With far right parties and hate crimes on the rise, civil liberties and minority rights seem more at risk today than we could have previously imagined. This new exhibition investigates the power of art to question the world we live in.
Drawing together a broad range of social and politically engaged artwork from the 1980s to the present day, Hope is Strong explores art as an agent of change. The exhibition will examine how artists continue to expose, interrogate and challenge political and social structures through work which shines a spotlight on injustice or bears witness to inequality and marginalisation.
Hope is Strong features work by Ai Weiwei, Jeremy Deller, Mona Hatoum, Goshka Macuga and more.
The exhibition is the first time work by one of the world’s foremost politically motivated artists, Ai Weiwei, has been shown in Sheffield. Ai has earned an international reputation for his powerful, provocative work and his unflinching activism has regularly placed his own liberty at risk. Hope is Strong will present Coca Cola Vase (2007); a two thousand year old Han-dynasty vase, mass produced in its time, hand-painted with the iconic Coca Cola symbol, the work deftly reflects on themes of capitalism, globalisation, value and cultural change.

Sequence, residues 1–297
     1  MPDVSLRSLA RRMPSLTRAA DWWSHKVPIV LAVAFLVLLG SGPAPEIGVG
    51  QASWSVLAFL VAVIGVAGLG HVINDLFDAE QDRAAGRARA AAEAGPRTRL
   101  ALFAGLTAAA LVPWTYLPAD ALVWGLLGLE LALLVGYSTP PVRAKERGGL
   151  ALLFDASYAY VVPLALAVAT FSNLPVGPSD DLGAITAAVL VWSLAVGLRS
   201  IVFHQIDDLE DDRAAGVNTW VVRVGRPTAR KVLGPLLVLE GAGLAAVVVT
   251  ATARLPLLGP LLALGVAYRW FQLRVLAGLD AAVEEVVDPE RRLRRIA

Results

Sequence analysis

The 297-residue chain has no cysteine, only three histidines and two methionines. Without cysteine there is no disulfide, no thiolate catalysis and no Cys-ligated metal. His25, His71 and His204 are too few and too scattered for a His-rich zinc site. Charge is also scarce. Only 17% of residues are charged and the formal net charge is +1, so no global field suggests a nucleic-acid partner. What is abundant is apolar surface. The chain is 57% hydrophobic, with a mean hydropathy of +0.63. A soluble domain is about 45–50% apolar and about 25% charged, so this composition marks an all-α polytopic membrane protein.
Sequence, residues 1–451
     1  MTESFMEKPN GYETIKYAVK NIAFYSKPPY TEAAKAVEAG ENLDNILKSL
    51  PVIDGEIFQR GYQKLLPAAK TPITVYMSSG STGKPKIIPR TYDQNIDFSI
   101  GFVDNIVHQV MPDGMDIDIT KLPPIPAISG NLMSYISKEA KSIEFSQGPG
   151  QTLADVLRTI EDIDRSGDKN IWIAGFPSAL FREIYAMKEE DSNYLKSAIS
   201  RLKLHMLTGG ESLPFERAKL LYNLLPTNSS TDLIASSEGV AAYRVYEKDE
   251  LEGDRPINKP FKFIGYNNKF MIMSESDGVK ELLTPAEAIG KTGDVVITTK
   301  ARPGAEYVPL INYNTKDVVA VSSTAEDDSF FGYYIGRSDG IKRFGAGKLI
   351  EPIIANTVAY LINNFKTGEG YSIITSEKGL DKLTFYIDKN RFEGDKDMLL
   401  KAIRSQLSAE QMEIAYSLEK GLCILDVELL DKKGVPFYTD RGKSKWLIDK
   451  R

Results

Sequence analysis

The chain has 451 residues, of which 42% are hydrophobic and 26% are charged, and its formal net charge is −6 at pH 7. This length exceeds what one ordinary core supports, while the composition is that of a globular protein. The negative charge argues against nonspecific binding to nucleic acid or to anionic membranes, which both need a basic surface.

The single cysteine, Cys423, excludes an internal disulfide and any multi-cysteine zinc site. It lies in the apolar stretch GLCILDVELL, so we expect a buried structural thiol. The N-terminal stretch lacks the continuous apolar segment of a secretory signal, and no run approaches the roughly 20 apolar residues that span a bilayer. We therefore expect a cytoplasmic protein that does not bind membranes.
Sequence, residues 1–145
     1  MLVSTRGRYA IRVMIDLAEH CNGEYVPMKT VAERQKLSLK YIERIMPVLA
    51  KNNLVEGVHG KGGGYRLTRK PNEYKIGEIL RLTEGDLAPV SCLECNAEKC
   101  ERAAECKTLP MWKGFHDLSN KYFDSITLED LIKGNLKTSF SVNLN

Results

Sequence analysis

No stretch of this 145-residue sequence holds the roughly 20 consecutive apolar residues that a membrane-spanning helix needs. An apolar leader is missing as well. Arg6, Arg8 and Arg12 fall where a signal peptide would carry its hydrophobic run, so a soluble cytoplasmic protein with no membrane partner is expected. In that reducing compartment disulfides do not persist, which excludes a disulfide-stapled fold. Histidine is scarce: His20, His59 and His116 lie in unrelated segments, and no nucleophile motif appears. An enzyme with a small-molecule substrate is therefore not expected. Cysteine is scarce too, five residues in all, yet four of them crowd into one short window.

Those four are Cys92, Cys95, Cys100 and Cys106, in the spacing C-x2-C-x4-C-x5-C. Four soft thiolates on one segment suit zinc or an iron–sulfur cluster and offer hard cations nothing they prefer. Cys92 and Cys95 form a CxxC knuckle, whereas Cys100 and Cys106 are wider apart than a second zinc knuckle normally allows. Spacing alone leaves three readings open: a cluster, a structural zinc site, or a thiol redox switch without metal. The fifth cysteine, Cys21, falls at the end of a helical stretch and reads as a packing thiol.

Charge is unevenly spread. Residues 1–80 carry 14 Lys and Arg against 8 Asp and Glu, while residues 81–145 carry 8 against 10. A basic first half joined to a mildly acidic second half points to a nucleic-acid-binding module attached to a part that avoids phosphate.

The exhibition also feature Jeremy Deller’s The Battle of Orgreave (An Injury to One is an Injury to All) (2001), a powerful chronicle of the confrontations between police and striking miners in South Yorkshire.
Other works on in the exhibition include; Ghost (2018), a new figurative painting by Sean Scully which responds to gun violence in contemporary America; Ruth Ewan’s A Jukebox of People Trying to Change the World (ongoing archive started in 2003), a growing collection of over 2000 songs addressing a spectrum of social issues; Keith Piper’s On the Seven Rages of Man (1984-2018), a potent exploration of Afro-Carribean identity and experience; and an installation by Hester Reeve (on behalf of the Emily Davison Lodge), a contemporary reconvening of the activist group originally established following the funeral of the suffragette campaigner.
Hope is Strong is part of Museums Sheffield’s 2018 Protest and Activism season supported by the Esmée Fairbairn Collections Fund marking the 100th anniversary of the Representation of the People Act. The exhibition at the Millennium Gallery will be accompanied by Changing Lives at the Weston Park Museum exploring over 200 years of people and protest in Sheffield. The exhibitions will be also be accompanied by a programme of talks and events – see museums-sheffield.org.uk for more information.